Just engaging the audience is not enough, the art lies in taking them on a train of thought which halts at stations called Realization, Acceptance and Willingness  (I call it RAW Tunnel) and strictly in that order. However, the final destination called “Visible Change”is still afar. Even at the end of the tunnel, chances of dropout  are high because agreeing to take action needs to be followed by actual “action”. This is the longest and most difficult terrain. Partially because both trainer and trainee are confused over who drives the engine and who blows the whistle. In a planned curriculum there is no such confusion. An efficient way of minimizing the aftermath of blamegame, is to think ahead at the very outset.

Other Colleges and Institutes who care to increase the (new) EQ – “Employability Quotient” need to take cues from this small department and contrive their training activities with more precision and relevance to the evolving demeanour of the market. The most important consideration here should be that one cannot choose to work on selected components of Personal Branding, rather it is a composite exercise involving multifaceted growth of an individual in conjunction with the Image of the Profession. And we are looking forward to changes in behaviour of human beings so it should be more like teaching and less like training.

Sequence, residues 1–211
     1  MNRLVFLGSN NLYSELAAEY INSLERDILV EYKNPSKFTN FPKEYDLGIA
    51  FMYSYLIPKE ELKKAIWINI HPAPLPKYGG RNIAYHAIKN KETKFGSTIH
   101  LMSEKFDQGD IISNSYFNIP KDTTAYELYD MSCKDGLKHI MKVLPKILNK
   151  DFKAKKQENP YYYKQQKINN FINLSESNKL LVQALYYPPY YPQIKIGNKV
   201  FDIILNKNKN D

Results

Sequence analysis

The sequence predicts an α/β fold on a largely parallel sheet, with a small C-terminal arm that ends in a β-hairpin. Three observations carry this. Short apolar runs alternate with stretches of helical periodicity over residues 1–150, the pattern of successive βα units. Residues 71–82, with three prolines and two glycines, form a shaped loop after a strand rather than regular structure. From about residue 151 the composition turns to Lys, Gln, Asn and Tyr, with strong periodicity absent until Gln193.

Your Beliefs Become Your Thoughts, Your Thoughts Become Your Words,

Your Words Become Your Actions, Your Actions Become Your Habits,

Your Habits Become Your Values, Your Values Become Your Destiny.”

 – Mahatma Gandhi